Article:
Most mornings are a mad rush of arms and legs, cereal bowls, packed lunches, backpacks and last minute signing of forms. Once I get the younger two out the door — either on the bus or with their Baba — I turn my attention to D, who usually is up by the time and playing around, waiting to get ready for school.
I assist him quickly, using the time we have together to prompt him through his morning routine — teach him the steps to do it all (hopefully) by himself one day, without assistance from anyone. I wonder incessantly if we will reach that magical place at some point when he rolls out of bed and takes care of all his needs without help from anyone, like his sister has been doing since she was six or seven years old.
That is the ultimate goal. That, to us, would mean everything — for D to be able to independently look after himself with minimal or no assistance. Maybe I should aim higher, push harder, like I do with my other kids. But trust me. Pushing him towards these independent living skills is a huge, challenging, vastly important job. The most minor accomplishments along the journey are as important to me as any of the academic and other achievements of my other kids.
I worry though — will we get there? Some mornings, as we are in the bathroom getting ready for school, I stop and look at D. He is growing so, so fast. I feel that maternal blush of pride as well as pangs of apprehension and uncertainty as he climbs towards adulthood. There is the peach fuzz on his upper lip. He has that particular stink known to all teenage boys. And when we stand shoulder to shoulder and look at ourselves in the mirror, he is nearly as tall as me. I am no longer mother to “Lil D,” the boy I’ve been writing about the past four years.
I am mother to D, a handsome, maturing young man. A young man fast approaching a vague, uncertain future where I cannot, nor should I, hold onto him as tightly as I do now. He needs us all now, as much as we ever did. But how much do I need him? How much is my identity wrapped up in his? And am I pushing him, teaching, helping him gain as much independent living skills as possible? Is it enough? Will it ever be enough? Will we get to a place where there is more self-reliance than reliance on others?
If not, then how will D’s future unfold?
On a plane recently when I was flying to Chicago, I was scrolling through my Facebook feed when I happened upon an article written by a young man who worked for some time as a companion and caregiver to a young adult with autism. I started reading it, and the tears started flowing. They called for us to shut down our electronic devices, and I rapidly finished the piece and saved it so I could revisit it another day.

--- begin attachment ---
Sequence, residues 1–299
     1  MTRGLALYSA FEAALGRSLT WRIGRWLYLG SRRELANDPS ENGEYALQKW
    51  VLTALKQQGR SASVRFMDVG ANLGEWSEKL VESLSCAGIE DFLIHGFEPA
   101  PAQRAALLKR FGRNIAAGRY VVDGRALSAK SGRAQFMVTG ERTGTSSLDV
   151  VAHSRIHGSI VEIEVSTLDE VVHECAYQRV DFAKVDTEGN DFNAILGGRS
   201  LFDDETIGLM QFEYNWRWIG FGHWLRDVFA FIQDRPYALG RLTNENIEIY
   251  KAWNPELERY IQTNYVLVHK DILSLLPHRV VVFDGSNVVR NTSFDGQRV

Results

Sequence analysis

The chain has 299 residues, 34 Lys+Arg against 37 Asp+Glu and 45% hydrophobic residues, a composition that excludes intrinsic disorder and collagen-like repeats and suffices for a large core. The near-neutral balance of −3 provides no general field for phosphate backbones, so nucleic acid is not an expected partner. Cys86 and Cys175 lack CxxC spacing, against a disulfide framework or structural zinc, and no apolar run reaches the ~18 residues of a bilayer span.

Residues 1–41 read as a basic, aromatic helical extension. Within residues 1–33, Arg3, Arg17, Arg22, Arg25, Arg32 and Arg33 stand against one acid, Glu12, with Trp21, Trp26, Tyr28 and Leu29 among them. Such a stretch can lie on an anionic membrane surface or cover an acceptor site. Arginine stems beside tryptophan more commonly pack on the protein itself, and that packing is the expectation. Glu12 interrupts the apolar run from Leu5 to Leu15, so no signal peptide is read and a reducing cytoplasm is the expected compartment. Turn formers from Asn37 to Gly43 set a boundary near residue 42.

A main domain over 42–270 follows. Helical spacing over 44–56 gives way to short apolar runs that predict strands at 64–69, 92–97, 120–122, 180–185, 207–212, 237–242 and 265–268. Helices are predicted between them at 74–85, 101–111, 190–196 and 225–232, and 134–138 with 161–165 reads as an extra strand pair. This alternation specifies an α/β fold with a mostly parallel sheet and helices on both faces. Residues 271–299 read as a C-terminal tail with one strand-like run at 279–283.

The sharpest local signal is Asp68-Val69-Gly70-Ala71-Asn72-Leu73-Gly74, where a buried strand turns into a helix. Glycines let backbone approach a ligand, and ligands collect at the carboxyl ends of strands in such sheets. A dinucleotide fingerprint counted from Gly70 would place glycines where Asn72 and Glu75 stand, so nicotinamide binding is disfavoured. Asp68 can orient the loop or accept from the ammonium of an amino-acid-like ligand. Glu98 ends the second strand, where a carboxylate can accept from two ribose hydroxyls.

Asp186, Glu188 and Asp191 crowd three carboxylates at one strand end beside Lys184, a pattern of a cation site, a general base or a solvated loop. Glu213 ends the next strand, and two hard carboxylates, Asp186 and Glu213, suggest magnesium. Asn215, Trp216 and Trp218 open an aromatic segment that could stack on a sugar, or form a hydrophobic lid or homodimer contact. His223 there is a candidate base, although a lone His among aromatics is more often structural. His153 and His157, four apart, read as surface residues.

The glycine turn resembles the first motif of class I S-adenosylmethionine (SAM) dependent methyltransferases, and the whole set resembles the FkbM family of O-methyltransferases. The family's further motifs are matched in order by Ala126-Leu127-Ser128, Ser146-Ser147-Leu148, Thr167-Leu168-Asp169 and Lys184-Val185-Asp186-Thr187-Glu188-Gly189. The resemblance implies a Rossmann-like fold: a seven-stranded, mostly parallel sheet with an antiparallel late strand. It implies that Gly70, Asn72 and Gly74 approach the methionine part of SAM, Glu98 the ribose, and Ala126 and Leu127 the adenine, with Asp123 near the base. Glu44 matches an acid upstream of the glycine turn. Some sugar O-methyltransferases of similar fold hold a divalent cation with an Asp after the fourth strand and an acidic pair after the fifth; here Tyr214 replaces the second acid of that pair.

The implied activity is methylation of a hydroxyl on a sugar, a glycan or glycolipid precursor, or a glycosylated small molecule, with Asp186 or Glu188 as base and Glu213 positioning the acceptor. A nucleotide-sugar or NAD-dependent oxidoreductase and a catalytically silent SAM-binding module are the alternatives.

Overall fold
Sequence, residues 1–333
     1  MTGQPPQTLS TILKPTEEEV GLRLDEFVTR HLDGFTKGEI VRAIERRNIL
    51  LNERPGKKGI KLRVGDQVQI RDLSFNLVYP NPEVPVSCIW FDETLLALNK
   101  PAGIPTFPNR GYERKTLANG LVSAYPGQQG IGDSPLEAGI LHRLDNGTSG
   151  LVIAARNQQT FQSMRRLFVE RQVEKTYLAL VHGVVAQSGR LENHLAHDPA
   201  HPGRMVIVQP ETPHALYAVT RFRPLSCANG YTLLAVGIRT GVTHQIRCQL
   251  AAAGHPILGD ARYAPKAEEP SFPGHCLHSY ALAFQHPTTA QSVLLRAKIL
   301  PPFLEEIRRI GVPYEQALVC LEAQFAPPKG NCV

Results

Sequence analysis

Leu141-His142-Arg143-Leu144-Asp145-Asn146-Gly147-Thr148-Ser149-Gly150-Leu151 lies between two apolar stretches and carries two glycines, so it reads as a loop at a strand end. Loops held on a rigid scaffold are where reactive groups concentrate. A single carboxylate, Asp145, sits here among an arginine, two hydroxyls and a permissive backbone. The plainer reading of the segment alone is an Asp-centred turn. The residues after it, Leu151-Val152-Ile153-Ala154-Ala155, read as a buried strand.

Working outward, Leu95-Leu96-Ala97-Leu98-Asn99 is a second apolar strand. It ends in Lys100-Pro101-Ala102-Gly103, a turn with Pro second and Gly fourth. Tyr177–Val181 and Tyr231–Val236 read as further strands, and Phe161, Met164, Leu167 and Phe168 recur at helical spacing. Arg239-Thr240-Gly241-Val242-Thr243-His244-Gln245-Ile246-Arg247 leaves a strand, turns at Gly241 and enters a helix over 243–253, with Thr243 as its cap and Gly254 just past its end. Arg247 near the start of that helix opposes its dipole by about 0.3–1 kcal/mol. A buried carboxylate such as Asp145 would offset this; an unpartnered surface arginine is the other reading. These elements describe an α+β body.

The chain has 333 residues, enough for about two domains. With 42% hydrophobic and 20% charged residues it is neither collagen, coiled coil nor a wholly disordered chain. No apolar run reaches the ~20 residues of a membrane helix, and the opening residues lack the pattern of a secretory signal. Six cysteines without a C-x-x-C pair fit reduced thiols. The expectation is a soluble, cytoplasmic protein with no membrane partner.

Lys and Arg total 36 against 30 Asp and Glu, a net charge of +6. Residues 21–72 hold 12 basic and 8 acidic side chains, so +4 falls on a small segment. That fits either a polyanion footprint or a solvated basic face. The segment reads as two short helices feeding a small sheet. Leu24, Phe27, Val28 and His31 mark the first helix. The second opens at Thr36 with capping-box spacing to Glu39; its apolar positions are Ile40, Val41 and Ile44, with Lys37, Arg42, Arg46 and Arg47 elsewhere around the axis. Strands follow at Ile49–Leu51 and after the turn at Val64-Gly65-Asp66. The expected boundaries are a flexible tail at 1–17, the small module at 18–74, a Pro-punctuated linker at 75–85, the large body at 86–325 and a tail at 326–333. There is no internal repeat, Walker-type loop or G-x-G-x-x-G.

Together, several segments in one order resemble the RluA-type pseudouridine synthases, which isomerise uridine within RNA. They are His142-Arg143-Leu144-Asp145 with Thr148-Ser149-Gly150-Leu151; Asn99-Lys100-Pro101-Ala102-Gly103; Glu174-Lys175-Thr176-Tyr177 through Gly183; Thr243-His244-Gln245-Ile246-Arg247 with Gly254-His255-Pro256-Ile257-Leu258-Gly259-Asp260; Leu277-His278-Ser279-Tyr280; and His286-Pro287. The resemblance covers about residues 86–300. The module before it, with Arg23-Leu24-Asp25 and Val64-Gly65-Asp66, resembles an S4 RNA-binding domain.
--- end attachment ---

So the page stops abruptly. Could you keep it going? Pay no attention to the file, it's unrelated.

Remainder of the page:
That if he cannot get to a point where he can mostly care for himself, how will we map out the rest of his life? Who will be the caregivers? What will be the living situation? Will he be able to live with us (if that’s what he wants and if that’s what is best)? How will the dynamics change as we grow older? Wrote Plantenberg:
Ideally, those who work with this part of the population now strive to empower them, to remove labels and barriers and work toward independence. And yet this is the ugly fact, a vestige of the institution era: The chief witnesses to Scooter’s life are not friends and family but scores of paid providers. People like me. We accommodate, teach, and encourage. We support. We never punish. And yet our interests are split between doing genuine good for another human being and getting a paycheck. So we’re also probably looking around for something that pays better than $10 an hour and doesn’t involve regular emotional, and sometimes physical, beatdowns. And that, in turn, affects people like Scooter.
It hurts to read things like that – to read about individuals with autism reduced to jobs that “involve regular emotional, and sometimes physical, beatdowns.” I’m not saying it’s untrue. It is true for some of the population. It is not true for all. Autism spectrum disorder is just that — a vast, huge spectrum of individuals for whom autism manifests in so many ways. So many are able to live fulfilling, independent lives — still challenging, but lives of their own making. Some are not. I can’t predict D’s future. But we can be practical. And we must prepare.
The inevitability and unknown of the future is one of the most difficult autism truths for us to face. We are working so hard to give D the tools and prepare things for him to help him be in charge of his own future, just like we are doing, albeit in different ways, for his brother and sisters. Ultimately, as my parents and in-laws have been saying to us all along, this is a leap of faith. An utterly gigantic, God-propelled leap of faith.
We will work to ready the world for D just as hard as we are working to ready D for the world.
And, we will pave the paths of D’s future as best as we can, trusting God to hold D’s hand and walk with him along the way.